Community event at Patanga Park

Community and Environment

Community feedback was integral to the development and delivery of the Northern Beaches Hospital road upgrade project. Engagement with the community, businesses and other stakeholders has been ongoing since March 2014.

Community information

Community feedback has been integral to the development and construction of the Northern Beaches Hospital road upgrade project.

Engagement with the community, businesses and other stakeholders has been ongoing since March 2014.

20000 residentsNearly 20,000 community members have been consulted as part of this process. Environmental Impact Statements were placed on public display in 2014 and 2015, and the community were invited to provide submissions on the project. All feedback received was carefully considered and we have been able to make several improvements to the project based on the feedback received. You can view the submissions report from the project documents page.

We thank the community for its participation in this process.

The community was also invited to comment on the draft Urban Design and Landscape Plan (UDLP) report which outlines details and designs for the road project, underpass, pedestrian bridges and paths, landscaping and vegetation, noise wall, and road furniture (lighting, signage, shelters). The report was displayed in mid-2016 and included drop in sessions for residents and a community update distributed. Nearly ninety submissions were received. All feedback was considered and the final UDLP report was submitted to the Department of Planning and Environment and approved.

Community engagement continued throughout construction with over 30,000 interactions recorded with stakeholders, local residents and the community.

Engagement activities included door knocking, letterbox drops, email updates, community information sessions, meetings, work notifications, forums, information stalls, the project’s interactive portal and one-on-one in person and telephone conversations with the community. The project team met regularly with key stakeholders including Northern Beaches Council, emergency services, local schools, businesses, community groups and residents.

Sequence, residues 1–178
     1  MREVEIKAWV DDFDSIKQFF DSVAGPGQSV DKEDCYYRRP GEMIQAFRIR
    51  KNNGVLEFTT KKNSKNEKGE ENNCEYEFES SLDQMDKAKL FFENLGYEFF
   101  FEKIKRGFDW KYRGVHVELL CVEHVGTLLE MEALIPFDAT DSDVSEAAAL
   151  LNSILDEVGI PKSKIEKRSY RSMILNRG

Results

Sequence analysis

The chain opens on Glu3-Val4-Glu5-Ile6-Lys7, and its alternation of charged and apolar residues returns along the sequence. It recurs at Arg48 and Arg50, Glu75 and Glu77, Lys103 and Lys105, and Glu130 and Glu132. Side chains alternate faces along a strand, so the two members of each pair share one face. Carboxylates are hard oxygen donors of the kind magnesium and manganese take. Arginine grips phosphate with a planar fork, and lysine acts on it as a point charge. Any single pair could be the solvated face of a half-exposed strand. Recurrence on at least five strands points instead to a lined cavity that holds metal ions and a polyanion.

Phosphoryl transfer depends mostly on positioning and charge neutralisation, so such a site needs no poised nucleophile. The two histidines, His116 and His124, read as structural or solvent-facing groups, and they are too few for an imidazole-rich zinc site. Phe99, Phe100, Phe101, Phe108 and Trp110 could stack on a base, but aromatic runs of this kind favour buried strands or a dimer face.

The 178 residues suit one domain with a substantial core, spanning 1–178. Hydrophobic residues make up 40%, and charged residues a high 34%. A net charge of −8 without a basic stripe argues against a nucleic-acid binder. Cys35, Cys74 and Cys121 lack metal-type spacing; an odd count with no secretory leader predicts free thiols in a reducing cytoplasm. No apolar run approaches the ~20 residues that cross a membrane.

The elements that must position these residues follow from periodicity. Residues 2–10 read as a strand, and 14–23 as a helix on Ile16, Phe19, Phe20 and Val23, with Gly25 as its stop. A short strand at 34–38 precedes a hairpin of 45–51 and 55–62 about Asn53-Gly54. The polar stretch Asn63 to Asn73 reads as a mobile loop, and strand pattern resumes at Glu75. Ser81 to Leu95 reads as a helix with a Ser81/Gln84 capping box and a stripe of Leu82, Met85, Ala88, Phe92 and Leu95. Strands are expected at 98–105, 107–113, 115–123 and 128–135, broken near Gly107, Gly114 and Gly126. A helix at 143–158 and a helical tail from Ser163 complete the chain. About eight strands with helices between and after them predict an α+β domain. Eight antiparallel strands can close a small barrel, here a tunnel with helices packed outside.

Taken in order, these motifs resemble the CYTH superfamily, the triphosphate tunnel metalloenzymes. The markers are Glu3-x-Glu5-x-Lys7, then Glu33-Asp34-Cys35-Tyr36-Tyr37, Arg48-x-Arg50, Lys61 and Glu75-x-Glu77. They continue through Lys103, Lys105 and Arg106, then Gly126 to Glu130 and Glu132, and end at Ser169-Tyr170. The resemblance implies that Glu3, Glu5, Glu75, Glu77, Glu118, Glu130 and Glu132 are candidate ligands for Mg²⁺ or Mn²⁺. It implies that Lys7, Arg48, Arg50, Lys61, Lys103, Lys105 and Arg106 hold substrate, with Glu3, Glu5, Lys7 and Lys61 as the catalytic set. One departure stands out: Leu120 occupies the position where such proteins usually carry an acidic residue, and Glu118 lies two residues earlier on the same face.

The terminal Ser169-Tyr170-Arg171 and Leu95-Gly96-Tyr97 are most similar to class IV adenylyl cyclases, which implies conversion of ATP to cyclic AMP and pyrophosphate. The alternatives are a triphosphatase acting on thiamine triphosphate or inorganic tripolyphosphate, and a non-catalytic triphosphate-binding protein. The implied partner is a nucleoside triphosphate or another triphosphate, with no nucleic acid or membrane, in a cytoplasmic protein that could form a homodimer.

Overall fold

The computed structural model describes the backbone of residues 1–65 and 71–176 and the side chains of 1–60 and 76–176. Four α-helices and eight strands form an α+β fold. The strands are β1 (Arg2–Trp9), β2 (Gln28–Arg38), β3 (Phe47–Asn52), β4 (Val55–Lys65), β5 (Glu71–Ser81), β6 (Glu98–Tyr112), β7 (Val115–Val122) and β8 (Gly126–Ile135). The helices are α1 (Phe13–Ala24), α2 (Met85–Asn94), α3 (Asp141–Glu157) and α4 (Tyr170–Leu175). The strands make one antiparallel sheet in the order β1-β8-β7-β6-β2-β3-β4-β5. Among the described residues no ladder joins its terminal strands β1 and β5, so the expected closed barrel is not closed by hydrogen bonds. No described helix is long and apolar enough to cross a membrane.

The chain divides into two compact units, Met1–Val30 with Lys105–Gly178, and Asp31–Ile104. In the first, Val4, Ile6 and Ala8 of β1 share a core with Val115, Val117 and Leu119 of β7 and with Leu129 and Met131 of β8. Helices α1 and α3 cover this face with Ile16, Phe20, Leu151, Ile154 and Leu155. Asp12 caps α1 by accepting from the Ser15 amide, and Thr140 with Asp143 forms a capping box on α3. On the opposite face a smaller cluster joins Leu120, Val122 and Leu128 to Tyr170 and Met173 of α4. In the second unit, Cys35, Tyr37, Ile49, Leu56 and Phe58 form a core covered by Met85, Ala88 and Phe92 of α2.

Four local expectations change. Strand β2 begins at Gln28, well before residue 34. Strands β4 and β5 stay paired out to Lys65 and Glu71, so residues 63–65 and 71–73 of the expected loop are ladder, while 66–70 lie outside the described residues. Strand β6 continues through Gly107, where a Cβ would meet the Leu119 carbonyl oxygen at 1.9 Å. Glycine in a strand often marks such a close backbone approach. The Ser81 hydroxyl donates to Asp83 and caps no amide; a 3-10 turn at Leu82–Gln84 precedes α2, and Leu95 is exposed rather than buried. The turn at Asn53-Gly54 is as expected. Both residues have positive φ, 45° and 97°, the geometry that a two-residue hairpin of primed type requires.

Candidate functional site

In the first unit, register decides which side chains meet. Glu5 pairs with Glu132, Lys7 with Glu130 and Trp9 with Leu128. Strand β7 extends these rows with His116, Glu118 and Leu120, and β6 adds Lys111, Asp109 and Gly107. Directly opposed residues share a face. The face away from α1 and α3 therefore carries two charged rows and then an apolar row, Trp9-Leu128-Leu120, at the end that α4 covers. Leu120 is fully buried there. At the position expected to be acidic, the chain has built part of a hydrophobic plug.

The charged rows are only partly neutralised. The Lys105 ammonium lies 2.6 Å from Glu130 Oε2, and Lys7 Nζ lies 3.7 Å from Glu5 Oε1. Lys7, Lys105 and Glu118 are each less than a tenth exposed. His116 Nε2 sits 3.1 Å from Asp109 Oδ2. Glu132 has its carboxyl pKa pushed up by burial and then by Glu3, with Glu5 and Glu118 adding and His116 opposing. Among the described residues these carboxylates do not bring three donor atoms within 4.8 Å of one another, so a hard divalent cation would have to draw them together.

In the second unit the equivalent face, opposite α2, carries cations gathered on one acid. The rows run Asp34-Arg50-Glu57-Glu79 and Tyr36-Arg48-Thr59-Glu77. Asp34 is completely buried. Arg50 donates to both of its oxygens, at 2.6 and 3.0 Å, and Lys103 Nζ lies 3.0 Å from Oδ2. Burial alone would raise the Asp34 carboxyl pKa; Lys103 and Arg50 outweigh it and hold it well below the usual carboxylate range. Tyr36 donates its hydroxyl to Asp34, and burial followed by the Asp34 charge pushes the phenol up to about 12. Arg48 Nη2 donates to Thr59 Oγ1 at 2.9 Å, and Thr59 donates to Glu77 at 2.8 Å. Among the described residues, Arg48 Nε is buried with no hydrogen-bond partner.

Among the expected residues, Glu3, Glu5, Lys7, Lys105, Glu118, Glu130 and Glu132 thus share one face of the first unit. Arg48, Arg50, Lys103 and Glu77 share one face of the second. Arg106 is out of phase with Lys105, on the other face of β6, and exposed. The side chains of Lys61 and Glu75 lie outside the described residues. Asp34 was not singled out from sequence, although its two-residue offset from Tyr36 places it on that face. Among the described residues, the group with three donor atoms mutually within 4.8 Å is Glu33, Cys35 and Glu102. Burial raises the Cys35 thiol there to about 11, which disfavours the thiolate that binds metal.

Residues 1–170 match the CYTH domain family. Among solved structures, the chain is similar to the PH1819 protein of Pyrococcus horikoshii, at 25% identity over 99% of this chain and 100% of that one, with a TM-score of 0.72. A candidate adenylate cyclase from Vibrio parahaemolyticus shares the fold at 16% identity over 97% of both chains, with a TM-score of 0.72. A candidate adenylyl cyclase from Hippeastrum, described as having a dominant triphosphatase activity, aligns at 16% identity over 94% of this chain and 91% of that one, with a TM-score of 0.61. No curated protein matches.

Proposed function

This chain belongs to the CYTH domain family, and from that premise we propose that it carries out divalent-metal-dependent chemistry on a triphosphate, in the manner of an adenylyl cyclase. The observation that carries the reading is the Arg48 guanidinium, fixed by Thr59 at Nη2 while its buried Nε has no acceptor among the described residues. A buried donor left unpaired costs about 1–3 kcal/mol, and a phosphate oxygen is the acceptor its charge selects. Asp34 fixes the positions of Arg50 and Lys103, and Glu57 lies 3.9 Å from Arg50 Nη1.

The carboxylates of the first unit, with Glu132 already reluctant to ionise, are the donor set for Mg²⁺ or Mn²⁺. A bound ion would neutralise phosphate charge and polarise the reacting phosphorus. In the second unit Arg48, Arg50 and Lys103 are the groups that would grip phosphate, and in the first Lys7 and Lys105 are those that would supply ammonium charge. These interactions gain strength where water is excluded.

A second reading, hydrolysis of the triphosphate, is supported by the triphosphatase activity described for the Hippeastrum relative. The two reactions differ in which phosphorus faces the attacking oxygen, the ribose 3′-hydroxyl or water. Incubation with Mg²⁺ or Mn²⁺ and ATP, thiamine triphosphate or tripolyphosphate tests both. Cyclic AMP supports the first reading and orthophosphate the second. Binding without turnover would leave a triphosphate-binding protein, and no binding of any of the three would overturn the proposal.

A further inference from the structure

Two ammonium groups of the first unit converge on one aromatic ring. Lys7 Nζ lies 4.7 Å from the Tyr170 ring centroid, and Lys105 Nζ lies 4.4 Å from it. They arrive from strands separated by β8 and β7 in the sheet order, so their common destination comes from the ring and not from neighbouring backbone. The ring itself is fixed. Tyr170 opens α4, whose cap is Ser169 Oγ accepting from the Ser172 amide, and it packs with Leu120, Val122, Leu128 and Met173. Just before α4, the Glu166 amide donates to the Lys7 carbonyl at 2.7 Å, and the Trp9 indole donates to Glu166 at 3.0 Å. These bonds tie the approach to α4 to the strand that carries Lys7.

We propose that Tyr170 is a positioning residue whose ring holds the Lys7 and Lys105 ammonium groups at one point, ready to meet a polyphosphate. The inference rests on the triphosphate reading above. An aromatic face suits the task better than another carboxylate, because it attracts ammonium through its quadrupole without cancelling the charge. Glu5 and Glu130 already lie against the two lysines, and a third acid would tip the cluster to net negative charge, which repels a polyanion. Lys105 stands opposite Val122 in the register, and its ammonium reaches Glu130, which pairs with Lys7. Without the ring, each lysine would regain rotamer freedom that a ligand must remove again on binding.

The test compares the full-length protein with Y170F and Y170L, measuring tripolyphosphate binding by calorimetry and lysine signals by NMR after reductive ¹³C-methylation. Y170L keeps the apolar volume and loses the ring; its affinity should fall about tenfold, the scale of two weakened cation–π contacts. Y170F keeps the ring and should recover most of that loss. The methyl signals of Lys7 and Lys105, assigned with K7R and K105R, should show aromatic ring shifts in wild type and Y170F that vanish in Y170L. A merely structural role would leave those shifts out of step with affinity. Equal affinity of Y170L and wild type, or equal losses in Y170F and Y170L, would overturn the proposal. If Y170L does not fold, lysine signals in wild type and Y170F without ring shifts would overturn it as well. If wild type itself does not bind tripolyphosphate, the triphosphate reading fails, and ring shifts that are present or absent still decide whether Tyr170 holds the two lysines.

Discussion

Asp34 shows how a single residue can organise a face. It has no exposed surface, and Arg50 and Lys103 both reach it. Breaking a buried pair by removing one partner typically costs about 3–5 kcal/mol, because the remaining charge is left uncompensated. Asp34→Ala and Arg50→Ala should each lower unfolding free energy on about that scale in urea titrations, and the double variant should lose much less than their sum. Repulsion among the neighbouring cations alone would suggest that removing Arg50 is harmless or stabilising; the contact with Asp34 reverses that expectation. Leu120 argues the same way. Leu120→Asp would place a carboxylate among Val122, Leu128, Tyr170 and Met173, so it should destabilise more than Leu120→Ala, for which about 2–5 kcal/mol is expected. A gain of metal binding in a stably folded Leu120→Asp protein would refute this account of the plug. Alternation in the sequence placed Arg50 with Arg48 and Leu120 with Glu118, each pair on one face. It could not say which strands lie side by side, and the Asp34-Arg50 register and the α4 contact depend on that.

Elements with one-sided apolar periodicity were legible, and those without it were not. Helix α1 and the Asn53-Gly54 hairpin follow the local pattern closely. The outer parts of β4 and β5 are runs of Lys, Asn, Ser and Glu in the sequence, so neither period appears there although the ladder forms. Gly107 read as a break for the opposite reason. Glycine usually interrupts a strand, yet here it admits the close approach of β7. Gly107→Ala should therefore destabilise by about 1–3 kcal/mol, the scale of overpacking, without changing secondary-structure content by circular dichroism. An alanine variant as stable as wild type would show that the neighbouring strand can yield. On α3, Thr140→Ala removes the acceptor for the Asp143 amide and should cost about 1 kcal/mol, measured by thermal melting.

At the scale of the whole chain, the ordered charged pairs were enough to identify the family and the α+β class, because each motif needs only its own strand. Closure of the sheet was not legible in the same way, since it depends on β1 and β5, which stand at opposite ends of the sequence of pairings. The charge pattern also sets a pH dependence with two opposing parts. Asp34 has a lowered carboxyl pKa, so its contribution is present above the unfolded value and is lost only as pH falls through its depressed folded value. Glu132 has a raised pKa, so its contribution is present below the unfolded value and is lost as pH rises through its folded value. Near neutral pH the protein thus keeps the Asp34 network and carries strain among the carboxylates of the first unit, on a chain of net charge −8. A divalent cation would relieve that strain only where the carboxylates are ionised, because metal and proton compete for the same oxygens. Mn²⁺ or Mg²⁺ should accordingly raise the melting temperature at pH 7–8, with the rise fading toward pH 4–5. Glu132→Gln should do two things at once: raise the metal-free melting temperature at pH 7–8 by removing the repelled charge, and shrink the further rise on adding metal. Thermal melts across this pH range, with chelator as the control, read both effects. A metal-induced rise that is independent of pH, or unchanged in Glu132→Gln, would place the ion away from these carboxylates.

Roads and Maritime aims to deliver a project that is physically and visually integrated with its surrounding environment, enhances community connectivity and engages the road user with the unique and defining characteristics of the local context.

To achieve this, Ferrovial York Joint Venture prepared an Urban Design and Landscape Plan (UDLP) report which outlines details and designs for the road project, underpass, pedestrian bridges and paths, landscaping and vegetation, noise wall, and road furniture (lighting, signage, shelters).

with its surrounding environment. It enhances community connectivity and engages the road user with the unique and defining characteristics of the local context.

Ferrovial York Joint Venture achieved this by prepared an Urban Design and Landscape Plan (UDLP) report that outlined details and designs for the road project, underpass, pedestrian bridges and paths, landscaping and vegetation, noise wall, and road furniture (lighting, signage, shelters).

A draft version of the UDLP report was available for community comment in June 2016. All feedback was considered and the final UDLP report was submitted to the Department of Planning and Environment and approved.

Artists impression: View along Warringah Road at Forest Way intersection

The impacts of the project were examined thoroughly in the Environmental Impact Statements (EIS). These documents, available to view or download from the project documents page, provide details of expected impacts and outline measures to manage and mitigate these impacts.

These impacts include environment, noise, vibration, biodiversity, land use, heritage, air quality, flora and fauna.

The project team also commissioned a Wildlife Connectivity and Road Risk Minimisation Strategy (PDF, 3.12Mb) to demonstrate how habitat connectivity will be maintained or enhanced during and after construction of the project

Many species of fauna are found within the area, including mammals, birds, reptiles and amphibians. As part of the EIS, extensive studies have assessed the potential impact of the project on these fauna and outlined measures to avoid or minimise any impacts.

The project ecologist is regularly on site to ensure best practice during clearing to minimise any harm to flora and fauna. If animals are found during clearing, work stops and the animal relocated to a suitable habitat within the local area. Before clearing, an ecologist identifies any hollow bearing trees and helps determine suitable locations for the installation of nest boxes.

To ensure fauna can safely access vegetation on either side of the upgrade, rope bridges and culvert crossings will be included where appropriate, with input from ecological specialists.

Fauna fencing would be used to minimise the possibility of vehicle strikes once road construction has been completed.

For more information, please view or download the Flora and Fauna Fact Sheet.

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